would shoot every man who was proved to have been
concerned in it. He also gave orders that a well-
conducted non-commissioned officer and four men
should be sent at once to Davenant Castle, and should
there take up their quarters as a guard against any
party of marauders, with the strictest orders to cause
no annoyance or inconvenience to the inhabitants of
the castle.

" I learned afterwards that Mr. Conyers, who had
been interesting himself greatly on behalf of the ladies
of the castle, is a great friend of the lords-justices and
other members of the council, and is also acquainted
with the general, which will account for the prompt
measures taken to punish the marauders a very rare
and exceptional matter, I can tell you."

" I am sure we are greatly indebted to your father
and you for so promptly taking measures to assist my
mother," Walter said. "I have no doubt the castle
would have been burned as well as plundered if it had
not been for your rescue of them."

" It is not worth thinking about, Walter. We are
heavily your debtors still for the kindness of your


father and yourself to me at Deny, and indeed on all
other occasions; besides, it was the least we could do,
seeing that it was my grandfather's hatred of your
family which brought the matter about."

" What became of your grandfather," Walter asked,
"when you interrupted his sermon?"

" He fell down in a fit," John replied ; " and perhaps
it was the best thing he could do, for I don't know
what my father and he would have said to each other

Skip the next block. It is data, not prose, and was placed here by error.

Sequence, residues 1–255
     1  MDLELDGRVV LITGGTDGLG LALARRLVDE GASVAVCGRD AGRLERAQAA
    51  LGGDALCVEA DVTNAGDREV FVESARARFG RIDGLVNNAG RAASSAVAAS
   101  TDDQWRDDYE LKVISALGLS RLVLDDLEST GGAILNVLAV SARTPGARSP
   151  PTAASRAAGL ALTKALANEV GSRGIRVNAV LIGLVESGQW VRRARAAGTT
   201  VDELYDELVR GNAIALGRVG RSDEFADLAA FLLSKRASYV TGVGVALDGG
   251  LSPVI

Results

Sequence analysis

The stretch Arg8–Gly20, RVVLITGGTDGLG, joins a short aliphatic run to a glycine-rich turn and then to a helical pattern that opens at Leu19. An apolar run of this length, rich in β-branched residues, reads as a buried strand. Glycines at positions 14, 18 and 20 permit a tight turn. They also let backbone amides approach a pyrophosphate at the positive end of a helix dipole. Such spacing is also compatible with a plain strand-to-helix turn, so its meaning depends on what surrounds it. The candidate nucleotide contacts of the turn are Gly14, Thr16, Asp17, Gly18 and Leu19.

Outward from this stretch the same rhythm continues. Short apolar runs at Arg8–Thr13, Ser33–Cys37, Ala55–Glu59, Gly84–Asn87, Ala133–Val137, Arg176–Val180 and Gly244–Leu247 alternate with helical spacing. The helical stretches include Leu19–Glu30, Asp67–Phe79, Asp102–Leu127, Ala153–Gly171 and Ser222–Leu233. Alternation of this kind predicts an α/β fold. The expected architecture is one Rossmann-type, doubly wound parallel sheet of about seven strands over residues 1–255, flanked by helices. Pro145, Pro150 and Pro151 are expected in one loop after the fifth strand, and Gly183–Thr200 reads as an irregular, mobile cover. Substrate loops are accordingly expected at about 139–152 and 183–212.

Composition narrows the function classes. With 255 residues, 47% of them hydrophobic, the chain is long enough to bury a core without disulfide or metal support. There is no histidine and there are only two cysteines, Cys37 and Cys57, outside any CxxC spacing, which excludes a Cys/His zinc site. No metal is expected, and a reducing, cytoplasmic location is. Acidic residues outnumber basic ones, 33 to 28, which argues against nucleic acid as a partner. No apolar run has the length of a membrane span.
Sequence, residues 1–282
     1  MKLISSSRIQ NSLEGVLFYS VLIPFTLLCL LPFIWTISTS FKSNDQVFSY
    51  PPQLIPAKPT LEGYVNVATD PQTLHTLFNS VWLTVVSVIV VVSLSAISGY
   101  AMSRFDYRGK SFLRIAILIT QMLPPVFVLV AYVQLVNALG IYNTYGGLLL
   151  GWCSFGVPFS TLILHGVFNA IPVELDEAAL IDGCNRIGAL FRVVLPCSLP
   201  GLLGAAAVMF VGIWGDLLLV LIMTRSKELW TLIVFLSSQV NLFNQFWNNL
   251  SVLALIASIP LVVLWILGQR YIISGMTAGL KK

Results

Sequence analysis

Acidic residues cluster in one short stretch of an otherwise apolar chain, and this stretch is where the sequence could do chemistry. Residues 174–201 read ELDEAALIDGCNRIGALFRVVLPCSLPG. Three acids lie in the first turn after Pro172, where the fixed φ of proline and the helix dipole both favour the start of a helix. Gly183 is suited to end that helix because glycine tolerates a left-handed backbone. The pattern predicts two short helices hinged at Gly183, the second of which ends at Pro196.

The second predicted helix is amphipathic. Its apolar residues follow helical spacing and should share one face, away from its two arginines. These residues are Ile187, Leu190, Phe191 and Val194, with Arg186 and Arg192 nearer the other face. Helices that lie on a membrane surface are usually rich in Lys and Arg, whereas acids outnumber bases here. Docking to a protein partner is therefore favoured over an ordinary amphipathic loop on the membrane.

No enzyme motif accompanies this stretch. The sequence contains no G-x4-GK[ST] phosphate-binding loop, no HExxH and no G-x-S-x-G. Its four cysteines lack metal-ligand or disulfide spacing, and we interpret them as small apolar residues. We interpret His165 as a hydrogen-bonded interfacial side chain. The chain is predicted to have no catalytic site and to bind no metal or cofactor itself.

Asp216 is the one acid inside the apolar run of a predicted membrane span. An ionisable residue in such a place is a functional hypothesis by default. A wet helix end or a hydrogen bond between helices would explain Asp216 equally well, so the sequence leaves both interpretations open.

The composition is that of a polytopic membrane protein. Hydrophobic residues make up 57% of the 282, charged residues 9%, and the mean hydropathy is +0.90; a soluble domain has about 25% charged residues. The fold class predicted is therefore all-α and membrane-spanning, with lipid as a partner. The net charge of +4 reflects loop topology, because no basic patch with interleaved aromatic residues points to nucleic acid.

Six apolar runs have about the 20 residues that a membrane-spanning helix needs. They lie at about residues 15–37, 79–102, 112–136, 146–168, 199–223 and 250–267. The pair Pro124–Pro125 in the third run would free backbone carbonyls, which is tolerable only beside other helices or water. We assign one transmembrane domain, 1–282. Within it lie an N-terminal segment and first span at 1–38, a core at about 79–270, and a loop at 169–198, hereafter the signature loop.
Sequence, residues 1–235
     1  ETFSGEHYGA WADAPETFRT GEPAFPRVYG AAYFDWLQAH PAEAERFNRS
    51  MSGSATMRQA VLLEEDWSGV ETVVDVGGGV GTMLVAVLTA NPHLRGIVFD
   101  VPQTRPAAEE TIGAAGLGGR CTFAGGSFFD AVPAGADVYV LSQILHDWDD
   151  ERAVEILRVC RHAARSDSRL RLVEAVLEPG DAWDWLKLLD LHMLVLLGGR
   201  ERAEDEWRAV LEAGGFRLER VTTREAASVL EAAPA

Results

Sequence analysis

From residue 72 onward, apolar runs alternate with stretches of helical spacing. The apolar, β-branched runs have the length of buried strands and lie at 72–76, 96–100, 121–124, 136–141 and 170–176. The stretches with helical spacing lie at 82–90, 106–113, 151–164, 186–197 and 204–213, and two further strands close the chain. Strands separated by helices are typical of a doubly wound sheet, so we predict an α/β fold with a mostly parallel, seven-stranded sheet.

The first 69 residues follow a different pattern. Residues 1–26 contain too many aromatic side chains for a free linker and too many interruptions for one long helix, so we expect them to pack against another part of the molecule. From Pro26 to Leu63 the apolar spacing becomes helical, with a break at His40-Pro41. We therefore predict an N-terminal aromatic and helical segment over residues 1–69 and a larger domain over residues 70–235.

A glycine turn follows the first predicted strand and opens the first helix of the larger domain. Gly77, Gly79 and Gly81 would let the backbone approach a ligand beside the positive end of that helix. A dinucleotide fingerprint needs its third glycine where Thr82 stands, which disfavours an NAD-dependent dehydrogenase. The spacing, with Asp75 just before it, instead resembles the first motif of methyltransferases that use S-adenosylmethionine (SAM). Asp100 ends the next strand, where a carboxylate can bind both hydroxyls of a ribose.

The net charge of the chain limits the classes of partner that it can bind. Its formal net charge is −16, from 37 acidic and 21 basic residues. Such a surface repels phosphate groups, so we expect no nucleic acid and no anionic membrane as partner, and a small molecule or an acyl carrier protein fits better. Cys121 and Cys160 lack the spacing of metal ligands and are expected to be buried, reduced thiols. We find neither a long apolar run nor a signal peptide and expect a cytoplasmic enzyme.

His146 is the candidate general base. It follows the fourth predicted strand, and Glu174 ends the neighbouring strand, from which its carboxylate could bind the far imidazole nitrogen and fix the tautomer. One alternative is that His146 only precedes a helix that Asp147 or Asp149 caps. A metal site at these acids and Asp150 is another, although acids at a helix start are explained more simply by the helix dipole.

had it not been so. He was carried home, and he has
not been the same man since. I don't think the sub-
ject was ever alluded to between my father and him;
but I think that, being balked just at the moment
when he thought he had obtained the object of his
hopes and prayers for the last forty years, has almost
broken his heart.

" He goes about the house scarce speaking a word,
and seems to have lost almost all his energy. He has
ceased to read the family prayers and to hold forth
morning and night. I do think he considers that the
Lord has cheated him out of his lawful vengeance.
It is awfully sad, Walter, though it is strange, to see
such a travesty of religion as the tenets of my grand-
father and some of the old men who, like him, represent
the views of Cromwell's soldiers.

"Their religion cannot be called true Christianity.
It is the Judaism of the times when the Jews were
among the most ignorant of peoples. To me it is
most shocking, and I would infinitely rather be a Mo-
hammedan than hold such a faith as theirs. I thank
God that my father and mother have shaken off such


a yoke, and brought me up according to the teaching
of the New Testament rather than that of the Old."

By this time the waggons, with the exception of
those under John Whitefoot's charge, had been col-
lected in a mass, and fire had been applied to them.
They were now a pile of flame. A few of the best
and fastest-looking of the horses were set aside to be
carried off by the troop. The rest were shot, as the
great object of the raids was to deprive the English
army of its means of transport. The troop then
mounted. Captain Davenant and Walter took a hearty
farewell of John, and intrusted him with hastily-
written letters for home; and as the smoke of the
burning train would soon bring down any parties of
the enemy who happened to be in the neighbourhood,
the troop then rode off" at full speed, and arrived
safely at Athlone without meeting with any further